Conformity In A Doll's House

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Is the judgment that Mrs. Linde makes towards Nora of ‘being a child’ an accurate appraisal of her attitude and behavior with Torvald at the beginning of the play?

The play “A doll’s house”, written by Henrik Ibsen in 1879, is based on women’s struggle against the boundaries of gender social conformity. At the beginning of the play, Nora’s character portrays the predetermined role by society of a mother and wife, although she adopts different poses with different people. With Helmer, she is a childish wife that utilizes her own looks and sexuality to obtain comfort and protection. However, with Mrs. Linde she pretends to be an independent and supportive wife; since their first conversation, Mrs. Linde proved to be a wiser and more experienced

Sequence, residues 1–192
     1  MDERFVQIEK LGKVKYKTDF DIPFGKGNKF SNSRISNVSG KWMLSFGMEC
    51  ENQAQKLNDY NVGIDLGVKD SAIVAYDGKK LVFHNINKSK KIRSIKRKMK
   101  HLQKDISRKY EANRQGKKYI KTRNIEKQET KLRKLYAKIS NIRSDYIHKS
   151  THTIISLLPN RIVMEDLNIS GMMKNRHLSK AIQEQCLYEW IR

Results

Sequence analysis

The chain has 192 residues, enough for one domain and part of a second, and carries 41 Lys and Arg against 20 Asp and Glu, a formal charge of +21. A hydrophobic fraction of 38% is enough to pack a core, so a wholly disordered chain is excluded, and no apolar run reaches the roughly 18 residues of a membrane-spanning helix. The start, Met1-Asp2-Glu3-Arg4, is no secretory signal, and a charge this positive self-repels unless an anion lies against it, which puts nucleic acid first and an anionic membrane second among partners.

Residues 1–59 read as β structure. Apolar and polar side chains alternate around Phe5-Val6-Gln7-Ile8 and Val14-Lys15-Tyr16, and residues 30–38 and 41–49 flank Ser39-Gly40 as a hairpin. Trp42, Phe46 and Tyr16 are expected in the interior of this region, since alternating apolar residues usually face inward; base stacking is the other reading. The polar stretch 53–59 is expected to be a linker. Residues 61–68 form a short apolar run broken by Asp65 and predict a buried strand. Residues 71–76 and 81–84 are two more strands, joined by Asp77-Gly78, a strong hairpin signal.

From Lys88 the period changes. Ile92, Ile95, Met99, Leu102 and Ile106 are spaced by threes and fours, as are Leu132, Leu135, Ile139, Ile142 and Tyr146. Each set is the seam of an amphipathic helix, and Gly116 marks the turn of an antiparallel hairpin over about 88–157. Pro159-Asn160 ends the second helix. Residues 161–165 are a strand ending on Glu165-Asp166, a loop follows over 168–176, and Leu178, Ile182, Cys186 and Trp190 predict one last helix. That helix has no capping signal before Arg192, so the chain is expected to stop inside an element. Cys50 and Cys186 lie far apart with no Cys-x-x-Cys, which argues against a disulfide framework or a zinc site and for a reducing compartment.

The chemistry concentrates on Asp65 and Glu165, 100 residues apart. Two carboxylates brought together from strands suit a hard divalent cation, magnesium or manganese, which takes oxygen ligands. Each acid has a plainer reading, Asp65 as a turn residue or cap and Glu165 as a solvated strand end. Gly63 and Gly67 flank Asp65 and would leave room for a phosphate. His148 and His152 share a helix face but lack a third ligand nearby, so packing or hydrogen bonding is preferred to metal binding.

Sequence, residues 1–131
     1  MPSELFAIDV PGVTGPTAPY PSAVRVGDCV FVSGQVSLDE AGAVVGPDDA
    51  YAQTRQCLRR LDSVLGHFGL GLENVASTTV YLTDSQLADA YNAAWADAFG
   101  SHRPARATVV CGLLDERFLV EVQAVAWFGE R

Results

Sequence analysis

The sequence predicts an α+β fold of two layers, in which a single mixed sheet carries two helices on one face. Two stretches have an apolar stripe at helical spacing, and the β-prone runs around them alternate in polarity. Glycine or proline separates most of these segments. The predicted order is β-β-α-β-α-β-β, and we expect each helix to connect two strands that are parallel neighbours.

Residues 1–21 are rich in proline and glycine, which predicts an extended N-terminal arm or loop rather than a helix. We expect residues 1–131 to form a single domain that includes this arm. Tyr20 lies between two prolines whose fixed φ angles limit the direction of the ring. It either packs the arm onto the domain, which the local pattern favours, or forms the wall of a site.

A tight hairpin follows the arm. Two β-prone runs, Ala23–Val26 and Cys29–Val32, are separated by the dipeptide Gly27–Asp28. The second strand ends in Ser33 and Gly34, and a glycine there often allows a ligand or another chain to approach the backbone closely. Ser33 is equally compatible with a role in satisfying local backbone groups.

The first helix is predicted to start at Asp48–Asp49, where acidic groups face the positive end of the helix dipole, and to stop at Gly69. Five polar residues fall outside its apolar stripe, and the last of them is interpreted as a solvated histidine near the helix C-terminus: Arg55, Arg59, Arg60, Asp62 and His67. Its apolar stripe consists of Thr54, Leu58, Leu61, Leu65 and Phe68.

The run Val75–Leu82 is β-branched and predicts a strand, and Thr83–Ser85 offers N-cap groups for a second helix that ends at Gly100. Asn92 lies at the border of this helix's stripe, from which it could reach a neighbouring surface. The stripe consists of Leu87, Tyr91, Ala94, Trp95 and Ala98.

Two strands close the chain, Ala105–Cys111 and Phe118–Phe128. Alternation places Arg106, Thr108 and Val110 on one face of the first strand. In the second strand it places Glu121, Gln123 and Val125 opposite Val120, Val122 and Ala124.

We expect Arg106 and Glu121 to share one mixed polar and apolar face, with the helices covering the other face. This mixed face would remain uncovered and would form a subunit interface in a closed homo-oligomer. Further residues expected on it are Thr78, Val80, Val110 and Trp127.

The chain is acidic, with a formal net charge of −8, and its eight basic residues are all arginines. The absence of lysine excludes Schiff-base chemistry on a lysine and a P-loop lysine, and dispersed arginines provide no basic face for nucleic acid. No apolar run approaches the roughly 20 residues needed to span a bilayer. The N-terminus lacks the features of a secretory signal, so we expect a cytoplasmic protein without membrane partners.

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‘Do you think so? Do you think they’d forget their mother if she went away from them – for ever?’ Nora has no concept of a healthy parental relationship because she was motherless her whole life. The children are Nora’s ‘dolls’; she enjoys playing with them like a little child instead of parenting them. Ibsen provides no dialogue for the children to allow the audience to focus on Nora’s characterization; covertly suggests that Nora hasn’t grown up yet. Torvald’s influence is intense when he says that, ‘lies fog a household and that juvenile delinquents come from a home where mother is dishonest’, and Nora feels guilt and scared that her actions will impact on her children’s future. However, Nora’s leaving is largely seeking a new understanding of herself; implying that as her children, she is in the process of growing up. Nora uses the third person ‘her mother’ when referring to herself, conveying that she does not feel close to her children. Ibsen draws two questions into Nora’s phrase to express her desperation towards knowing the answer. She asks the following questions specially to Anne-Mary because she knows that as she is from a lower social class, she is going to tell her exactly what Nora wants to hear; implying that she is insecure of her own

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